CNHT Ed Naile this segment of , updated us on the lawsuit, which apparently no longer
In this segment of A Question of Voter Fraud, Coalition of NH Taxpayers Chairman Ed Naile updated gave us an update on the lawsuit originally filed by Hannah Rivers, one of four out of state college students who claimed the right to vote despite maintaining out of state residences.
Apparrently, Rivers got cold feet, as dod the other original petitioners and have been replaced by a new crew, led by Maine resident and NH college student Annemarie Guare. (Note: Posted below the SoundCloud player is an explanation from Naile as well as the lawsuit which is before the NH Supreme Court. Naile raises the question, “Is New Hampshire really interested in protecting the voter laws currently on the books?” He then describes how the state of New Hampshire reacts when fraud is proven.
The three student petitioners are complaining they want to vote in NH and are currently licensed to drive in other states.
The inability to simply get an absentee ballot from their home state – but sue NH to vote here – shows they simply want to maximize their vote over the one they have legally in their legal domicile back home – just hours away.
That gives them an unconstitutional advantage over other voters – not by an accident of being in transition from one legal domicile to another but a deliberate attempt to game the election laws for registration and domicile.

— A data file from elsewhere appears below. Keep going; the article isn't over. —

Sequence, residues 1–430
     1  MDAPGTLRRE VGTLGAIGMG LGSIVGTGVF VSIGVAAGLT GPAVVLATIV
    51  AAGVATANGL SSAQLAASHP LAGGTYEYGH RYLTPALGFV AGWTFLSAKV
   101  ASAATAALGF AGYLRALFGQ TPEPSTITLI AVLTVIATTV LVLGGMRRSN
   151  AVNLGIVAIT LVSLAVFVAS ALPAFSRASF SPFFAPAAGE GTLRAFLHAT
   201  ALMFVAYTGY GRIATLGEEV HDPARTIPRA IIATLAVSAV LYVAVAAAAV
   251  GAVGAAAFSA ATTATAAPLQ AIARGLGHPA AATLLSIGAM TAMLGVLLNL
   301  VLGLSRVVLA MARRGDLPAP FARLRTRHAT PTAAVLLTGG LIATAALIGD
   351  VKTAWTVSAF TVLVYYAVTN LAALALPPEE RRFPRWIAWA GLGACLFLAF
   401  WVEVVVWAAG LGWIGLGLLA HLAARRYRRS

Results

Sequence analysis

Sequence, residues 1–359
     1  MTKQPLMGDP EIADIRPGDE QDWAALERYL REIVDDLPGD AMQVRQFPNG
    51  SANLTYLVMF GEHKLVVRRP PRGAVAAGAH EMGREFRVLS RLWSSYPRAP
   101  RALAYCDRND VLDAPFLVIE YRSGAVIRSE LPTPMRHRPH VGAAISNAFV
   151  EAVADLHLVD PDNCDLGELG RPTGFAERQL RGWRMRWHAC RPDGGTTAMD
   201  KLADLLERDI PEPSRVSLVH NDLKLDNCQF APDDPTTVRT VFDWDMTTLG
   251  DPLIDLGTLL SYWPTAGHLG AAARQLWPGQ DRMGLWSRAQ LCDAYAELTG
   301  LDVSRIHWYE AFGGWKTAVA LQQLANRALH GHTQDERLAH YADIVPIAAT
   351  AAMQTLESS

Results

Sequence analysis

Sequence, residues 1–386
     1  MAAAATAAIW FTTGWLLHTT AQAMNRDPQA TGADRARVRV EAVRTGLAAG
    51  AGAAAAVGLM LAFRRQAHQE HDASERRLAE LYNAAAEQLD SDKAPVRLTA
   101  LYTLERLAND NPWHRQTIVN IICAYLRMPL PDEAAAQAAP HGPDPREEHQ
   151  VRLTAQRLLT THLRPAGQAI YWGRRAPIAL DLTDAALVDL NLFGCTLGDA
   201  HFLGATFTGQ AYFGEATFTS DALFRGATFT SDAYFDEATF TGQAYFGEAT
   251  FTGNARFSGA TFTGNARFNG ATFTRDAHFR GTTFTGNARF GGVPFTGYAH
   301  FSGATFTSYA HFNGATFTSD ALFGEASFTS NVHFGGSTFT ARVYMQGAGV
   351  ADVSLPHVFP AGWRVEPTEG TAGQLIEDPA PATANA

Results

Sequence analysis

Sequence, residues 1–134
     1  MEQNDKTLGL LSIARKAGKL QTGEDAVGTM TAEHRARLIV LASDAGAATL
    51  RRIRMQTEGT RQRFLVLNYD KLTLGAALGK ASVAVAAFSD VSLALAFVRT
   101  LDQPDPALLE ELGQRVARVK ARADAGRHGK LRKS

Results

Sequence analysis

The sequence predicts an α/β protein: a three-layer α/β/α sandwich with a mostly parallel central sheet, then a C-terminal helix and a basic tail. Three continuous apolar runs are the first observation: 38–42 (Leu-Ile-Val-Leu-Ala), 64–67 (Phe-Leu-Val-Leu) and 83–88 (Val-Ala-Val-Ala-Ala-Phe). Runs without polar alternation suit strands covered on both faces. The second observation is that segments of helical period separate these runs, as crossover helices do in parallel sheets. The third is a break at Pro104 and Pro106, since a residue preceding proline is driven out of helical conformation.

The case should have been laughed out of court.
Here is the basis for their “mobile domicile” scam:
2. New Hampshire law permits all inhabitants with a voting domicile to vote in New Hampshire. RSA 654:1, I. A voting domicile is “that one place where a person, more than any other place, has established a physical presence and manifests an intent to maintain a single continuous presence . . . .” RSA 654:1, I. New Hampshire law explicitly permits students attending school in New Hampshire to choose New Hampshire as their voting domicile. RSA 654:1, I-a.
The NH Constitution says something different than the statement in Guare v. NH above:
[Art.] 11. [Elections and Elective Franchises.] All elections are to be free, and every inhabitant of the state of 18 years of age and upwards shall have an equal right to vote in any election. Every person shall be considered an inhabitant for the purposes of voting in the town, ward, or unincorporated place where he has his domicile.
(Your legal domicile is the one place you reside – not simply the place you choose to vote. Domicile is a legal term defined in Black’s law dictionary and previous cases regarding voting.)
3. New Hampshire law separately defines “resident” as a person “who is domiciled or has a place of abode or both” in New Hampshire and “who has, 2 through all of his actions, demonstrated a current intent to designate that place of abode as his principal place of physical presence for the indefinite future to the exclusion of all others.” RSA 21:6. 4. New Hampshire’s law governing eligibility to vote does not require voters to be “residents” of the state as defined in RSA 21:6 or RSA 259:88. Specifically, unlike the requirements to be “resident” under those statutes, a New Hampshire voter need not have a “current intent” to maintain his “principal place of physical presence” in New Hampshire for the indefinite future.
NH Law does not “define” resident as a person who is domiciled or has a place of abode or both. NH uses resident interchangeably as many other states do, such as Maine where Ms. Guare is a domiciled resident. But to vote in NH you must be domiciled HERE. That is a simple undeniable fact.